By Mike Woitalla
Last month I co-hosted a workshop at U.S. Youth Soccer’s annual gathering in
Philadelphia with longtime referee and National Instructor Barry Towbin titled: "Coaches and Referees Improving Relations for the Good of the Game."
Whether referee or
coach, the aim is for kids to enjoy the beautiful game and to create an environment to help them excel. The purpose of the session was to explore ways to make the coach-referee relationship
cooperative rather than adversarial.
We started off by pinpointing what upsets each party most frequently about the other.
What coaches dislike from referees:
Not staying with the play.
* Not knowing the Rules of Competition.
* Nitpicking over uniform details.
* Not explaining calls.
dislike from coaches:
* Abuse toward officials.
* Inciting with their actions poor behavior from players and parents.
* Not knowing the rules, eg: handball and back-pass to
keeper (must be deliberate), offside-no-offside on various restarts.
* Getting berated for offside calls from coaches who are in no position to have made the judgment.
part, referees stressed the importance of a mentorship program to help referees improve.
A major concern that always comes up when discussing refereeing at the youth game is that the No.
1 reason for teenage referees quitting is abuse from parents and coaches. To have young refs be accompanied by an adult mentor as much as possible – and to have that mentor confront the coaches
and parents when they abuse the referee, is an idea I found excellent. Or, as one member of the audience suggested, have monitors roam the fields to warn those screaming at refs that such behavior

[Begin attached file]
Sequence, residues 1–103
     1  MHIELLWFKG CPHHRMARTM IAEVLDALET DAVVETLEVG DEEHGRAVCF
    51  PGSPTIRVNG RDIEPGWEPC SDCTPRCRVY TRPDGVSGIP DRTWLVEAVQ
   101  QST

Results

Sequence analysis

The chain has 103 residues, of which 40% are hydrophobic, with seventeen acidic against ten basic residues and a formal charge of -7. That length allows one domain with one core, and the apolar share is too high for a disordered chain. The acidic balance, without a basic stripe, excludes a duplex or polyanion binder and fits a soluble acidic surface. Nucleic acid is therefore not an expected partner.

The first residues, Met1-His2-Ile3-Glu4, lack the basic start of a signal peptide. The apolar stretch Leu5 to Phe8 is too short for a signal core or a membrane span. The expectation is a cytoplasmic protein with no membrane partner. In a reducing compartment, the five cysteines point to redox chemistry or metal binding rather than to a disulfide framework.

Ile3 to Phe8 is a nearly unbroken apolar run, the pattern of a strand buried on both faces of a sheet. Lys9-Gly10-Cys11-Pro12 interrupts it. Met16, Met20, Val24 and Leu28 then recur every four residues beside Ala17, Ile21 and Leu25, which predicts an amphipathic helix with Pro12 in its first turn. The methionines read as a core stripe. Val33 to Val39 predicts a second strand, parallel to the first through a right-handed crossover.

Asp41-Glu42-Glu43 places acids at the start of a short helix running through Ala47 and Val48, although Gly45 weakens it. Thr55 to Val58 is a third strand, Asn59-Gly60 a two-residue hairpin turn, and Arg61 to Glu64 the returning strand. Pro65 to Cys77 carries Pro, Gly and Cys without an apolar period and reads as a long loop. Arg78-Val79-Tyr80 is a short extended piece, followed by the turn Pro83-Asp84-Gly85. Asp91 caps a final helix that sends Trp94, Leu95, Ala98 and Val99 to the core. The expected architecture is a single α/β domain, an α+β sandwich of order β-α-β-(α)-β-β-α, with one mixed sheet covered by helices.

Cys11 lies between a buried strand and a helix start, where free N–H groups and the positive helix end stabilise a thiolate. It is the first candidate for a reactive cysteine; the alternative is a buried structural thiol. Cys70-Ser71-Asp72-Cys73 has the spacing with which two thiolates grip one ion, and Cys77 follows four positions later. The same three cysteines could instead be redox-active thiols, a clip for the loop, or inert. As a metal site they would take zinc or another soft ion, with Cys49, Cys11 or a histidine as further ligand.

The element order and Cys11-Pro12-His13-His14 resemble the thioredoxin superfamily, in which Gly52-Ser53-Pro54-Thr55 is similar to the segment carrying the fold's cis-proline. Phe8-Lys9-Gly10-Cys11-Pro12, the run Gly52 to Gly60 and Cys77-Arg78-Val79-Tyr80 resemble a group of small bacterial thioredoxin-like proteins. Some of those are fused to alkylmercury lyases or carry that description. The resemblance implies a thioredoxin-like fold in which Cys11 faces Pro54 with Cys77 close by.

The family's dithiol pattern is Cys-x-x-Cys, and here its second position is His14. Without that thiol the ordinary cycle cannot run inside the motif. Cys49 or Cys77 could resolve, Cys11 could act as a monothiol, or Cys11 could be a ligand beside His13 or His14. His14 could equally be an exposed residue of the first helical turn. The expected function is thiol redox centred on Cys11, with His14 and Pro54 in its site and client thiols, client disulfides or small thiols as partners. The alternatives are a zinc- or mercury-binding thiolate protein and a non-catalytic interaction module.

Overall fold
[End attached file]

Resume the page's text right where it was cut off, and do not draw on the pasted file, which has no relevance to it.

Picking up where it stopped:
won’t be tolerated in their league.
A point of frustration for coaches is that in soccer -- unlike sports such as basketball and football – referees aren’t obligated to
reveal what infraction they called.
Peter Walton, the general manager of the USA’s Professional Referee
Organization (PRO), was in attendance and agreed.
“We do want referees to be more demonstrative because we also have a duty to the audience and the players,” Walton said.
“You can stop dissent or undue unrest with a signal so the guy on other side of the field understands what the call is. We talk about making sure you ‘sell’ your decision. It should
be a sure, sharp signal.”
I’d like to see coaches be required to referee a couple of games to get an idea of just how challenging the job can be -- and coaches and players
take a basic test on the rules.
Referees have a responsibility to officiate in a manner that creates a fair and safe environment for the players -- a goal that coaches should also strive
for. Walton recommends more dialogue between coaches and refs outside the game-day environment.
“We like to invite referees and coaches to sit in a room together and talk about the
situations when they’re not in the cauldron,” he said. “So they have more of an understanding of each other, and then on Saturday they see each other as humans.”
Towbin, the Director of Referee Education for New Jersey Youth Soccer, says:
“We do it in Jersey. We get coaches and referees together and discuss their goals, and talk about
issues -- about respect, technical-area decorum, rule changes, pre-game procedures -- and things that coaches, players and parents get upset about. And ask questions back and forth.”
(Mike Woitalla, the executive editor of Soccer America, is co-author, with Tim Mulqueen, of The Complete Soccer Goalkeeper and
co-author with Claudio Reyna of More
Than Goals: The Journey from Backyard Games to World Cup Competition. Woitalla's youth soccer articles are archived at YouthSoccerFun.com. Woitalla refs
youth soccer in Northern California and coaches at East Bay United/Bay Oaks.)